Despite the unequivocal repudiation of these false allegations, the damage was done. The global media enthusiastically highlighted the news from the “influential” Israeli newspaper. This paved the way for subsequent allegations of Israeli war crimes, culminating in the now discredited Goldstone report, which remains a central feature of the defamation leveled against us by our adversaries. In this context, it should be mentioned that the recently appointed editor of the English edition, Noa Landau, is the life partner of Avner Gvaryahu, one of the most vocal and vicious activist leaders of Breaking the Silence.

 

Another notable example was the 2014 Haaretz Conference held in New York, where in deference to Palestinian Authority spokesman Saeb Erekat, who addressed the conference, the Israeli flag was removed from the podium. The situation has continued to deteriorate, with more readers canceling subscriptions, even including many prominent left-wing supporters who can no longer tolerate the ever increasing anti-Israel hysteria that fills the pages of the paper. Irit Linur, a liberal columnist for the weekend edition, wrote to Schocken, “I feel that the State of Israel fundamentally revolts you. … I don’t want to subscribe to a newspaper that tries in every way to make me ashamed of my Zionism, my patriotism and my intelligence — three qualities that are most precious to me.”…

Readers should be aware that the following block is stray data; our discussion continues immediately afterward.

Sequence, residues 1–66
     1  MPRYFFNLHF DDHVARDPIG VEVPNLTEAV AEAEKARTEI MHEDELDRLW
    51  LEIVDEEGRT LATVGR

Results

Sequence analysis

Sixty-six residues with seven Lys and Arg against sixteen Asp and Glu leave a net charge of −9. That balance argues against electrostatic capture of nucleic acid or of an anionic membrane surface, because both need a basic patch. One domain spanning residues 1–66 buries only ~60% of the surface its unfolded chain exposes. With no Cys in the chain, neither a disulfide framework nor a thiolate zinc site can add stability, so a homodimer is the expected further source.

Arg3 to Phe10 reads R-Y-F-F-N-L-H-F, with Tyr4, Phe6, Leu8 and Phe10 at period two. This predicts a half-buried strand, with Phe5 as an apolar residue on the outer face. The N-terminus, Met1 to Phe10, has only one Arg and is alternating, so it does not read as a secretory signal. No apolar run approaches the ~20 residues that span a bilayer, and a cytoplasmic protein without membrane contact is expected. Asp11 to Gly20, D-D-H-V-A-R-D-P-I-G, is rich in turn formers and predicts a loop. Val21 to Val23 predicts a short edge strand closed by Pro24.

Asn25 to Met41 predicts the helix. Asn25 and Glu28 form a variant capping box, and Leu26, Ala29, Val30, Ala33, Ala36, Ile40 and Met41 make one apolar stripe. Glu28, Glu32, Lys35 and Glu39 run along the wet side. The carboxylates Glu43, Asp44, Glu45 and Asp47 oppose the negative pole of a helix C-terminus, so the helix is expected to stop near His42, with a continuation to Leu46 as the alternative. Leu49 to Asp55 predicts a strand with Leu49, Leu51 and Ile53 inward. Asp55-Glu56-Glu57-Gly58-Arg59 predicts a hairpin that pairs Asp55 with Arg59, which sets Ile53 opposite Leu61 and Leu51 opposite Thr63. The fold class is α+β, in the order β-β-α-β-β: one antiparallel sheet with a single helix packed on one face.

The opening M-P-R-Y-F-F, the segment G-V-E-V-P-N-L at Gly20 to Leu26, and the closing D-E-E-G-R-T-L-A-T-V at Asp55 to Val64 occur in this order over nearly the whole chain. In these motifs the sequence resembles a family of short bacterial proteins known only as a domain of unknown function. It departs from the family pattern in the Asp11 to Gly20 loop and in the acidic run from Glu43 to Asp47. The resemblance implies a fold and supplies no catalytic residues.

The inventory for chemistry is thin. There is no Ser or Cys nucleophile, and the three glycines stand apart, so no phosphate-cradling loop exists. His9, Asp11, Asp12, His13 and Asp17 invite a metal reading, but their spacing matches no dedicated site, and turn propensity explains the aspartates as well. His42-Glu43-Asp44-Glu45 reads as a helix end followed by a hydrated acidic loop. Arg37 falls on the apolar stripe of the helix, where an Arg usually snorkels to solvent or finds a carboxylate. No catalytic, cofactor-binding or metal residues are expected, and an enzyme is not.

The harshest blow came from liberal American journalist icon Jeffrey Goldberg, who is regarded as the principal media source used by U.S. President Barack Obama in relation to Israel and Jewish affairs. Goldberg erupted after two American Jewish historians published an article in Haaretz accusing the U.N. of establishing a Jewish racist state that is today an extension of Western colonialism. They proudly announced that they would never set foot in any synagogue that supported Israel. Goldberg also responded to a recent Levy op-ed titled “Yes, Israel is an evil state” – which described Israel as an entity based on “pure evil. Sadistic evil. Evil for its own sake”. He announced that he was canceling his subscription, tweeting that “when neo-Nazis are emailing me links to Haaretz op-eds declaring Israel to be evil, I’m going to take a break.” He also noted that “I can read anti-Semitic and anti-Israeli things like this on other websites. There really no need for an Israeli website like this.”…